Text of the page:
a question: do you like to hang out with other “writer types/academic types/artist types” or do you prefer hanging out with people who aren’t those things, at least not professedly. and why is that. i am really interested in what people think about this. also, to preempt, i mean “instead of being alone,” which is obviously preferable to both.
In a culture whose already classical dilemma is the hypertrophy of the intellect at the expense of energy and sensual capability, interpretation is the revenge of the intellect upon art.
Even more. It is the revenge of the intellect upon the world. To interpret is to impoverish, to deplete the world – in order to set up a shadow world of “meanings.” It is to turn the world into this world. (“This world”! As if there were any other.)
The world, our world, is depleted, impoverished enough. Away with all duplicates of it, until we again experience more immediately what we have.
– Susan Sontag, “Against Interpretation”
How Some People Like Their Eggs by Sean Lovelace (Rose Metal Press, August 09)
The Drunk Sonnets by Daniel Bailey (Magic Helicopter, October 09)
Prose: Poems, a Novel by Jamie Iredell (Orange Alert, fall 09)
Nature seems (the more we look into it) made up of antipathies: without something to hate, we should lose the very spring of thought and action. Life would turn to a stagnant pool, were it not ruffled by the jarring interests, the unruly passions, of men. The white streak in our own fortunes is brightened (or just rendered visible by making all around it as dark as possible; so the rainbow paints its form upon the cloud. Is it pride? Is it envy? Is it the force of contrast? Is it weakness or malice? But so it is, that there is a secret affinity, a hankering after, evil in the human mind, and that it takes a perverse, but a fortunate delight in mischief, since it is a never-failing source of satisfaction. Pure good soon grows insipid, wants variety and spirit. Pain is a bittersweet, wants variety and spirit. Love turns, with a little indulgence, to indifference or disgust: hatred alone is immortal.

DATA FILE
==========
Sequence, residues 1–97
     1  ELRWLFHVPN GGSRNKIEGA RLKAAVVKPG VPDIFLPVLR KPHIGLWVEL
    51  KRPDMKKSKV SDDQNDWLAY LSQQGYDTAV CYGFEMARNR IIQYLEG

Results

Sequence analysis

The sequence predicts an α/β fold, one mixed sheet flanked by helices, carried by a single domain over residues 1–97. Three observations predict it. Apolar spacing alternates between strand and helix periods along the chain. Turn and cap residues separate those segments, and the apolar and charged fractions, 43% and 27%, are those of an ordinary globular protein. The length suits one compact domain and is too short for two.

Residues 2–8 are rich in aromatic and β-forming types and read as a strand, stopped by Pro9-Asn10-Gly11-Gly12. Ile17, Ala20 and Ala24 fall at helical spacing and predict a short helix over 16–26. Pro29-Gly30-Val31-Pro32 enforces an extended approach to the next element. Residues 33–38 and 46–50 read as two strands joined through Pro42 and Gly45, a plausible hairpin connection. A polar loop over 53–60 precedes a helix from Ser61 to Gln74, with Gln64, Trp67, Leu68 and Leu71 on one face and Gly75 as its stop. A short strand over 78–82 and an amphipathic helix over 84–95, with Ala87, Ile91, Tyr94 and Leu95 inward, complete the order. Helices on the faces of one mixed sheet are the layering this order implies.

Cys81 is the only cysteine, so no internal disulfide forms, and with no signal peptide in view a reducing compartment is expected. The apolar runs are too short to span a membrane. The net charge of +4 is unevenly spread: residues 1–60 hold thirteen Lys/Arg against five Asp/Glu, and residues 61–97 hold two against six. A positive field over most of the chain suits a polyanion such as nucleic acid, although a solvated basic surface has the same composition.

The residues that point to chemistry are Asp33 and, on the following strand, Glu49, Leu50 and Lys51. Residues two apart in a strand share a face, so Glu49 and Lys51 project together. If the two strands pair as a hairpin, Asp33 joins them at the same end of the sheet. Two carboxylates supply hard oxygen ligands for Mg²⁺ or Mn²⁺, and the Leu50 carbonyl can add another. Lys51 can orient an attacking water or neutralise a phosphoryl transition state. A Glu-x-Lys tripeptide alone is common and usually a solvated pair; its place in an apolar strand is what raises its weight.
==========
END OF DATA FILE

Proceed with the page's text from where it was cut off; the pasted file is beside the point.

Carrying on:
Scott Esposito of The Quarterly Conversation is giving away a copy of Zak Smith‘s Pictures Showing What Happens On Each Page Of Thomas Pynchon’s Novel Gravity’s Rainbow.
If you want to win this book, all you need to do is be a member of our Facebook group and write on our wall telling us why you should get the book. Out of all the entrants, we’ll pick the winner the week of September 7.
Give TQC some of your time, everyone. There’s an interesting excerpt in the latest issue from Macedonia Fernández’s The Museum of Eterna’s Novel (forthcoming from Open Letter). The editors of TQC write:
Museum is a collection of prologues to a book that is not yet written, and, reminiscent of Viktor Shklovsky, part of Museum’s logic is to frustrate the readers’ expectations with continual digressions, as well as to challenge their attempts to predict what kind of a book will follow this series of prologues. That all is to say that Museum is one of those books that makes practically no sense at first and then slowly gets better and better as the reader acclimates to its sensibility.
I have a little summer cold: sore throat, runny nose, stuffed up sinuses, medicine head, and so on. Unfortunately it came on at the silliest time: classes have just started and we’re moving into the new house this weekend. As I try to sleep each night, I think in my head how my cold is just a small thing in my life, and the pain of my sore throat will go away soon. This helps, I guess.
One book that I always think of when I get a sore throat is Boy by Roald Dahl. In the book, he describes having a doctor and parents trick him into a undergoing a tonsillectomy without anesthesia. Although I cannot remember the exact language of the scene, nor do I remember the details preceding the event, I vividly remember reading and imagining Dahl’s throat filling with blood as the doctor cut away his tonsils. This has stayed with me since I first read Boy as a boy, and, in addition to some other events of my childhood, might explain my fear of doctors, dentists, and other masked individuals.
What other books are out there that have unhealthy characters in them? What stories can I think of to soothe the annoying pain in my ears, nose, and throat?